Paediatrician says children should 'share a bed with mum' until the age of three 1 week ago

Paediatrician says children should 'share a bed with mum' until the age of three

Despite never really having given it much thought before having children, I more or less ended up co-sleeping with both my babies for the first few years of their lives.

This wasn't really a conscious decision or something I had considered at all, really, but rather something that just happened organically as I soon realised that not only did my babies sleep so much better when next to me at night, but, actually, I slept better too having them next to me. Not only because it made breastfeeding a total breeze, but also because I didn't have to worry about not hearing them if they woke, feeling like I was only half-sleeping out of fear they would wake and I wouldn't hear.

As well as this, when my little girl was born, my partner was in the middle of doing a master's degree abroad, and so with it just being me and her most nights, I think we both found comfort in having each other to snuggle up to at night.

As a result, I can hand on heart say I never had a sleepless night when my babies were little. Never spent hours pacing the floor trying to get them to sleep, never had to get up and spend hours trying to settle them again – and actually woke most mornings feeling well-rested and ready to face the day.

So for us, co-sleeping worked really well. But I'm not saying that this is the case for everyone, for sure. Some people feel like for their families, having everyone sleep in their respective beds is best, and admits to not being able to sleep with a wriggly baby or toddler in their bed – and I can totally see their point too.

Also, according to HSE's guidelines for safe sleeping, babies should share a room with their parents until they are one, but sleep in their own cot – and placed on their back. And parents are reminded that if they do opt to co-sleep, this should also happen according to known safety guidelines, and make sure neither parent have been smoking or drinking and that there is no blanket used that could end up covering the baby's head during the course of the night.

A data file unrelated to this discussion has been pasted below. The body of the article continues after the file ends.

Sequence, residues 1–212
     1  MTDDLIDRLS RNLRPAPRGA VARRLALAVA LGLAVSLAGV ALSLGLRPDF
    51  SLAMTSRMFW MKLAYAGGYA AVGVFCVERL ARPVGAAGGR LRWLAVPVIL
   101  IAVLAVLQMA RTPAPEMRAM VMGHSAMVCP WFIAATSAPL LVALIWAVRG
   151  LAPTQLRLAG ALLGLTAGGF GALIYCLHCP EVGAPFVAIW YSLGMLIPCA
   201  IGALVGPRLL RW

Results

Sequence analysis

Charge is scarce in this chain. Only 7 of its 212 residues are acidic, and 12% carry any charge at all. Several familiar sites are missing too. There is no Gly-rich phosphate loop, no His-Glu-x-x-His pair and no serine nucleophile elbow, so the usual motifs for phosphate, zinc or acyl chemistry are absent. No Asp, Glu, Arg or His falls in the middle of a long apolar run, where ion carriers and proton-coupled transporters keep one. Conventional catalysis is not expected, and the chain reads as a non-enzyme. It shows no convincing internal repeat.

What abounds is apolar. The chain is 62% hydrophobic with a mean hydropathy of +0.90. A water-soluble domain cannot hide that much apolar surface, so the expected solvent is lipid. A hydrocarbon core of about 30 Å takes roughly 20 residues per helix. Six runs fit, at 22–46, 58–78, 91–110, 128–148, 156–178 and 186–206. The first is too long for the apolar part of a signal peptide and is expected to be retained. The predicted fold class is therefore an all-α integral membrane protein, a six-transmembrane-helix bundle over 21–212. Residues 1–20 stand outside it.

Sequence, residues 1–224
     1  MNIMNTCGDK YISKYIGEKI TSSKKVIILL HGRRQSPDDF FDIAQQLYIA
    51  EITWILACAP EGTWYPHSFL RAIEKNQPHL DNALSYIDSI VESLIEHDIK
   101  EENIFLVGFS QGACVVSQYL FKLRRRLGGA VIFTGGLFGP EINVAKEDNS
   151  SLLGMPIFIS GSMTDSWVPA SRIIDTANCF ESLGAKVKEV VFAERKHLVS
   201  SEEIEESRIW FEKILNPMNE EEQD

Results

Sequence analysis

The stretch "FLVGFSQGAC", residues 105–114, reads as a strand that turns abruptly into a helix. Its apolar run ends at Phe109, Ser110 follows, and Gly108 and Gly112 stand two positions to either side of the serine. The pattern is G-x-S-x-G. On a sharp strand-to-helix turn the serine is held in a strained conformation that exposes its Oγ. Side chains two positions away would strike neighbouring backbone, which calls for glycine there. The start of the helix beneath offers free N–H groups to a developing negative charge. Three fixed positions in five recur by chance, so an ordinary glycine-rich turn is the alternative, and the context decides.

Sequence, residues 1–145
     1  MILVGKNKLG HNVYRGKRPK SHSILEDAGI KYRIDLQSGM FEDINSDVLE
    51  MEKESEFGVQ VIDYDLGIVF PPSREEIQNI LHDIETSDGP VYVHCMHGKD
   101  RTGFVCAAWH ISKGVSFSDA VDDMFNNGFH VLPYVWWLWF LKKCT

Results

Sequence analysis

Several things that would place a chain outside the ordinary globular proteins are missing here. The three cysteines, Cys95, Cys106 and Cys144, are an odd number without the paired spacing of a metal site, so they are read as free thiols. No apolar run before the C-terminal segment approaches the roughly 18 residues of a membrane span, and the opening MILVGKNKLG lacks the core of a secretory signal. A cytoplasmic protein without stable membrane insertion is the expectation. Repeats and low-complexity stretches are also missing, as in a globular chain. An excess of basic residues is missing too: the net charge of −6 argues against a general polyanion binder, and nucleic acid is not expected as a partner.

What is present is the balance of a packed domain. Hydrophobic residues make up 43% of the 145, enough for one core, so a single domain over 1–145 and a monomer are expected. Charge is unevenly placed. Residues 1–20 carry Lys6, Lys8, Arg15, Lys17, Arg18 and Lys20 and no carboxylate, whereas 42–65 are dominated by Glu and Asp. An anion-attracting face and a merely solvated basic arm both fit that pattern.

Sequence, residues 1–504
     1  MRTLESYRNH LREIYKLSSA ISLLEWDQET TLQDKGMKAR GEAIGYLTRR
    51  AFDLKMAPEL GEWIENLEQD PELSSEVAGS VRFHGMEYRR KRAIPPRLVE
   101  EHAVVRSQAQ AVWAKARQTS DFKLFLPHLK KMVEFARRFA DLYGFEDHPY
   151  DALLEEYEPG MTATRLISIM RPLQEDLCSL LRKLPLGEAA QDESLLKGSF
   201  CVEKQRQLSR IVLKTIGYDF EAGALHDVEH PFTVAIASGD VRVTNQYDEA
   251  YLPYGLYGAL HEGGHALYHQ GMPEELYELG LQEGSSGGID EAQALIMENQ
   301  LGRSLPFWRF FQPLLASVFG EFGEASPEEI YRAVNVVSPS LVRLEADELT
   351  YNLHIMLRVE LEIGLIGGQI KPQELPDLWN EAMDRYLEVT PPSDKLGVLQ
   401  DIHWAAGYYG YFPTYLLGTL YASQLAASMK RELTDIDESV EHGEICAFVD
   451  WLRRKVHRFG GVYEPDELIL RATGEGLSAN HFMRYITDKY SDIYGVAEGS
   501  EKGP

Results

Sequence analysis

As well as this, many medical professionals argue that if you do have the baby in bed with you during the night, he or she should not be placed between mum and dad, but rather on his mum's side, and mothers tend to be lighter sleepers and would wake more easily if something was up with the baby.

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However, a South African paediatrician now claims that it is far better for babies' development that they share a bed with mum – and not just for the first few months of their life, but really up until the age of three.

According to Dr Nils Bergman of the University of Cape Town, babies who are made sleep apart from their mums show much higher levels of stress than those who were allowed to sleep on or in very close proximity to their mums at night.

Their hearts, Bergman claimed, were also under more stress, and having babies sleep alone make it harder for mother and child to bond. This becomes more worrying when researchers point out that anything deemed damaging to the development of the brain could lead to bad behaviour as the child grows up.

For optimal health, Bergman claims, newborns should sleep on their mother’s chest for the first few weeks. And after that, they should stay in the mother’s bed until they are three or even four years old.

As for the current safe sleeping guidelines, Bergman said:

"When babies are smothered and suffer cot deaths, it is not because their mother is present. It is because of other things: toxic fumes, cigarettes, alcohol, big pillows and dangerous toys."

Out of the sixteen infants Bergman and his team studied, both while they slept on their mother’s chest and then in a cot by her bed, the results were pretty identical: Monitoring revealed the baby’s heart to be under three times as much stress when he or she slept alone.

Being in a cot also disrupted sleep, according to the paediatrician, with the babies’ brains less likely to ‘cycle’ or make the transition between two types of sleep called active and quiet.